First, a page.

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Benson, Joseph. "Commentary on Joshua 22:10". Joseph Benson's Commentary. https://www.studylight.org/commentaries/rbc/joshua-22.html. 1857.

George Haydock's Catholic Bible Commentary

Banks. Hebrew Goliluth, which is (chap. xiii. 2, &c.) rendered Galilee, Galgal, "limits," &c. (Haydock) --- Chanaan, consequently on the western banks. Vatable, however, says that the eastern country went sometimes by this name, on account of the Amorrhites having dwelt in it. Josephus ([Antiquities?] v. 1.) and the Jews affirm, that the altar was built on that side; and it seems natural that these tribes would erect it in their own territories, for the benefit of their children. (Calmet) --- The effect would nevertheless have been equal, on which side soever it appeared, as the Jordan was not so broad but they might see over. (Haydock) --- Immensely. Hebrew, "a great altar to be seen," like those heaps which Bacchus and Alexander raised to perpetuate the memory of their victories. (Pliny, [Natural History?] vi. 16.)

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Haydock, George Leo. "Commentary on Joshua 22:10". "George Haydock's Catholic Bible Commentary". https://www.studylight.org/commentaries/hcc/joshua-22.html. 1859.

E.W. Bullinger's Companion Bible Notes

borders = windings or hendings.

to see to = to look at, i.e. in appearance.

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Bullinger, Ethelbert William. "Commentary on Joshua 22:10". "E.W. Bullinger's Companion bible Notes". https://www.studylight.org/commentaries/bul/joshua-22.html. 1909-1922.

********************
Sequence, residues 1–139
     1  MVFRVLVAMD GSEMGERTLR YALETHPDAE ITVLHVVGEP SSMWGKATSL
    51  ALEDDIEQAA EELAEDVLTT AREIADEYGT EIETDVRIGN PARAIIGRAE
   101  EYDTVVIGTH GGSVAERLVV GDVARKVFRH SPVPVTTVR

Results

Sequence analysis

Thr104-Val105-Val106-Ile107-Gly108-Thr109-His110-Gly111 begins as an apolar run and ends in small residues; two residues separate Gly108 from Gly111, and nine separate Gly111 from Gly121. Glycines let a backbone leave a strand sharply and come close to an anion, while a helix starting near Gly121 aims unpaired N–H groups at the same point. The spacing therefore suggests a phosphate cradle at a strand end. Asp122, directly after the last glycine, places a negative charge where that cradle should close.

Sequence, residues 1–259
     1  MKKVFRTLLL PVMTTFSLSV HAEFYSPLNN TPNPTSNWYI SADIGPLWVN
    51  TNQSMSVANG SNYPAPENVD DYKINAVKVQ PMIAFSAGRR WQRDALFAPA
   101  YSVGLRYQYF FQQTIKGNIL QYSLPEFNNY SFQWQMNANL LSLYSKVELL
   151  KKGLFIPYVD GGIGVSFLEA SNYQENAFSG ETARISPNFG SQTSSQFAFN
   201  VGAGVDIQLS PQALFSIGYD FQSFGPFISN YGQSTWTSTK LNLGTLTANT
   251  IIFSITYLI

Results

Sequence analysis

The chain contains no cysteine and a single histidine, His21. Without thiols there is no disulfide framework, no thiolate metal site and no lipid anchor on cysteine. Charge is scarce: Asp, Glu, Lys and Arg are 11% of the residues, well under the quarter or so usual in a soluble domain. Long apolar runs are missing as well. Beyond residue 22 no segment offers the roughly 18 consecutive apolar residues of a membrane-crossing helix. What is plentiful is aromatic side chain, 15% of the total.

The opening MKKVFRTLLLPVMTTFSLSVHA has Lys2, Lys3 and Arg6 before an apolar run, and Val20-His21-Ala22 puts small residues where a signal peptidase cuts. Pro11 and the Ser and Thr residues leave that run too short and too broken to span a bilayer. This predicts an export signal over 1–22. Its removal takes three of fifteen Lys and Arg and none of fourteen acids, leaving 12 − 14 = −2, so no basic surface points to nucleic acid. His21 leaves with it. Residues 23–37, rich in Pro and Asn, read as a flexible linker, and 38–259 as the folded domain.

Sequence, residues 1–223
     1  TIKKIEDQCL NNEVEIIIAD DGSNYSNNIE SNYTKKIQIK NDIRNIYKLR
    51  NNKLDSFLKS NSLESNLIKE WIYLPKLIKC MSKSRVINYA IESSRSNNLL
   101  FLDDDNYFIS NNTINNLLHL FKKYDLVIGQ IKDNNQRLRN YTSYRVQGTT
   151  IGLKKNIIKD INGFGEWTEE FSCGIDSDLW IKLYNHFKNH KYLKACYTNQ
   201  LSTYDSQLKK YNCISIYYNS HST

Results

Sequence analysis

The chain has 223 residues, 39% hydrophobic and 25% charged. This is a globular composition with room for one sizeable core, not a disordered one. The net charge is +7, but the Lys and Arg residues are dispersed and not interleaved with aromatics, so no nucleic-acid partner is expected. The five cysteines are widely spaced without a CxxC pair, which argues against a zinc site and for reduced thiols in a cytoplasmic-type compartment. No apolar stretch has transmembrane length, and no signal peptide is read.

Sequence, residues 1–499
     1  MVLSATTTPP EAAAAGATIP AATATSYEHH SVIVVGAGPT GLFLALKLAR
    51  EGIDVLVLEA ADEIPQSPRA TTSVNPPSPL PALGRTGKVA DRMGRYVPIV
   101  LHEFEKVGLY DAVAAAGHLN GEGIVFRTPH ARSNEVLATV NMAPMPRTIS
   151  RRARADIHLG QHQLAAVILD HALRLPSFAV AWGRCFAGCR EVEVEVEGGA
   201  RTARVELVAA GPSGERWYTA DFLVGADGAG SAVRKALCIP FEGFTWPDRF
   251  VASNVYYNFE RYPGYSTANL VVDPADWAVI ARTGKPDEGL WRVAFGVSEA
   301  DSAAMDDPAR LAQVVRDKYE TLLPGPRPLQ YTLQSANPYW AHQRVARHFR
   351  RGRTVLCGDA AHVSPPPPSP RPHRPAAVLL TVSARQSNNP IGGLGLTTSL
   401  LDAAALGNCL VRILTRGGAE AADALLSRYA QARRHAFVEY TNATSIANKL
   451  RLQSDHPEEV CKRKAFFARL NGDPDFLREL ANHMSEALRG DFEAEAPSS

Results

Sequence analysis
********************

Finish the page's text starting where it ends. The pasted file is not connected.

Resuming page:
Commentary Critical and Explanatory on the Whole Bible - Unabridged

And when they came unto the borders of Jordan, that are in the land of Canaan, the children of Reuben and the children of Gad and the half tribe of Manasseh built there an altar by Jordan, a great altar to see to.

When they came unto the borders of Jordan, that are in the land of Canaan. This altar was probably an immense pile of stones and earth. The generality of our commentators suppose that it was reared on the banks of the Jordan, within the limits of Canaan proper. But a little closer examination seems to make the conclusion irresistible that its position was on the eastern side of the river; for these two reasons-first, because it is said (Joshua 22:11) to have been built "over against," or in the sight of, the land of Canaan-not within it; and secondly, because the declared motive of the trans-Jordanic Israelites in erecting it was to prevent their brethren in Canaan ever saying, "in time to come, What have ye to do with the Lord God of Israel? For the Lord hath made Jordan a barrier between us and you," etc. Such a taunt would be obviously prevented or confuted by the two tribes and a half having on the eastern side of Jordan, within their own land, a facsimile of the altar at Shiloh, as a witness that they acknowledged the same God and practiced the same rites of worship as the brethren in Canaan.